Tarsha'a allegations that Defendants failed to provide her with proper notice are insufficient because actual receipt by the trustor of a notice of default is not required. (SAC ¶140; Knapp v. Doherty, 123 Cal. App. 4th 76, 88 (2004)("The trustor need not receive actual notice of the trustee's sale so long as notice is provided to the trustor that is in compliance with the statute.").) The judicially noticeable documents in this matter show that Recontrust, the trustee identified on each of Tarsha's deeds of trust, recorded notices mandated by California's non-judicial foreclosure system. Tarsha does not explain why these are defective or provide any additional factual allegations to support her claim. (See SAC 32-33) (incorporating allegations in her first seven claims, but not from her wrongful foreclosure or quiet title causes of action.)
Given the fact that Tarsha had a chance to cure the deficient pleadings here and was unable to do so, it appears leave to amend would be futile. In light of the foregoing, the Court GRANTS Defendants' motion to dismiss Tarsha's breach of good faith claim WITH PREJUDICE.
8. Equitable Tolling
Tarsha's ninth cause of action again seeks equitable tolling of "all causes of action alleged in [her] Second Amended Complaint." (SAC ¶ 142.)Defendant argues that Tarsha provides no justification for equitable tolling of her claims. (MTD 20.) The Court agrees.
"Equitable tolling is generally applied in situations 'where the claimant has actively pursued his judicial remedies by filing a defective pleading during the statutory period, or where the complainant has been induced or tricked by his adversary's misconduct into allowing the filing deadline to pass.'" O'Donnell v. Vencor Inc., 466 F.3d 1104, 1112 (9th Cir. 2006)(citing Irwin v. Dep't of Veterans Affairs, 498 U.S. 89, 96 (1990)).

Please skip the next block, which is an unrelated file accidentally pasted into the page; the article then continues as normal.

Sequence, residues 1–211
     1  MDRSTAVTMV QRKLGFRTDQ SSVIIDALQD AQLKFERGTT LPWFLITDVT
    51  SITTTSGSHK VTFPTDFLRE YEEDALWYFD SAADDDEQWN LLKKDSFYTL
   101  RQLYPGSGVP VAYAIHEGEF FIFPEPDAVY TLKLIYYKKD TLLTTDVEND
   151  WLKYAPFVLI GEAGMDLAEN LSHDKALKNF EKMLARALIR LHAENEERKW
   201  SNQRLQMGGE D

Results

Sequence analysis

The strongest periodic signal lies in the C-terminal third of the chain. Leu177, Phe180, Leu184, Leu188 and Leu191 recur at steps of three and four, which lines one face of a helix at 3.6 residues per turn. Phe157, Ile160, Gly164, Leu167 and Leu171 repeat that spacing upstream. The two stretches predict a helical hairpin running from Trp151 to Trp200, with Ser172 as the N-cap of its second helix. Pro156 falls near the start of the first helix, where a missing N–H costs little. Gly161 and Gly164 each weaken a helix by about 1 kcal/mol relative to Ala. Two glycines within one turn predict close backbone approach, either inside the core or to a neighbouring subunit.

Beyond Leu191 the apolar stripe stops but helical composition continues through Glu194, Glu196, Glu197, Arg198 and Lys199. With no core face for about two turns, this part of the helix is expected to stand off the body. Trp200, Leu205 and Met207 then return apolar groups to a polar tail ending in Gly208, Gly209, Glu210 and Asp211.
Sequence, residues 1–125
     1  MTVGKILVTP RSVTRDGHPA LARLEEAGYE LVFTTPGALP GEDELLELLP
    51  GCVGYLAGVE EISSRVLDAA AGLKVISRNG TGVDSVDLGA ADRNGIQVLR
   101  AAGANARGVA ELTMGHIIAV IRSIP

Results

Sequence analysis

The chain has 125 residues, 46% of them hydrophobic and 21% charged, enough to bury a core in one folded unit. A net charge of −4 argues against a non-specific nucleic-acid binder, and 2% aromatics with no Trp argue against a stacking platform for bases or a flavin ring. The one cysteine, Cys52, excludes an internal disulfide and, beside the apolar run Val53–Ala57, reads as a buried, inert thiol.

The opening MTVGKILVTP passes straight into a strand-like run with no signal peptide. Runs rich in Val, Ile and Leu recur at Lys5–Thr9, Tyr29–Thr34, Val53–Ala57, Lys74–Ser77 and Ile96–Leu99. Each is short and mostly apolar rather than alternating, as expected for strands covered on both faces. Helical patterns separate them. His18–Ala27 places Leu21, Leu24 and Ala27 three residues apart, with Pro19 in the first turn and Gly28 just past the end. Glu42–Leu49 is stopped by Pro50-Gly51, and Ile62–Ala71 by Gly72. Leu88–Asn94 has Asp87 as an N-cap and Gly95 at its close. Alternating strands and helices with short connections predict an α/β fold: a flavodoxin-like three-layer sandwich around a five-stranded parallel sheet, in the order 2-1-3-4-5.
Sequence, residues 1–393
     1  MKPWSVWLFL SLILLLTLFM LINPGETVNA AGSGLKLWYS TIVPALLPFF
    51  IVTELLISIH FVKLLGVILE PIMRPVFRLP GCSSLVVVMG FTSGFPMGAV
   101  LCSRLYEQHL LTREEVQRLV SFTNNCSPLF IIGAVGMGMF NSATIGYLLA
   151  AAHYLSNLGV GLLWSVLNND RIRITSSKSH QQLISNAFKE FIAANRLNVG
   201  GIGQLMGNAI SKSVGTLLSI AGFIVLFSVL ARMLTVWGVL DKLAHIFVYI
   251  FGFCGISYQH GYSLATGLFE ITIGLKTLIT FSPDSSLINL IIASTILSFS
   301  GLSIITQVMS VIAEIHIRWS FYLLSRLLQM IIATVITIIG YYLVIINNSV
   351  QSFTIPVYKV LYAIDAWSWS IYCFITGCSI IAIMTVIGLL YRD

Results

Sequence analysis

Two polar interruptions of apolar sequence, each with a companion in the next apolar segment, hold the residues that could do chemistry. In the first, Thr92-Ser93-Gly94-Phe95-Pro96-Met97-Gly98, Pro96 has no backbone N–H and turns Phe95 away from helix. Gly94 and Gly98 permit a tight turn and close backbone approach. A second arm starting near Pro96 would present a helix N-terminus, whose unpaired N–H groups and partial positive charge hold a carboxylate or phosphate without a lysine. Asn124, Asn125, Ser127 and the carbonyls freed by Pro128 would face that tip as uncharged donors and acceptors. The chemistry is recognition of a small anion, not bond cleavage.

First, Tarsha makes no allegations that she actively pursued her judicial remedies by filing a defective pleading during the relevant statutory period. (See SAC 142-148.) Second, Tarsha fails to allege that she had been induced into allowing the filing deadline to pass. (See id.) Third, to the extent that Tarsha contends that she was unable to detect Defendants' wrongdoing due to Defendants' "fraudulent concealment," the Court is unpersuaded. See Part III.B.1. Accordingly, the equitable tolling doctrine does not apply to save any of Tarsha's otherwise time-barred causes of action.
Given the fact that Tarsha had a chance to cure the deficient pleadings here and was unable to do so, it appears leave to amend would be futile. In light of the foregoing, the Court GRANTS Defendants' motion to dismiss Tarsha's equitable tolling claims WITH PREJUDICE.
For these reasons, the Court GRANTS Defendants' motion to dismiss.
IT IS SO ORDERED.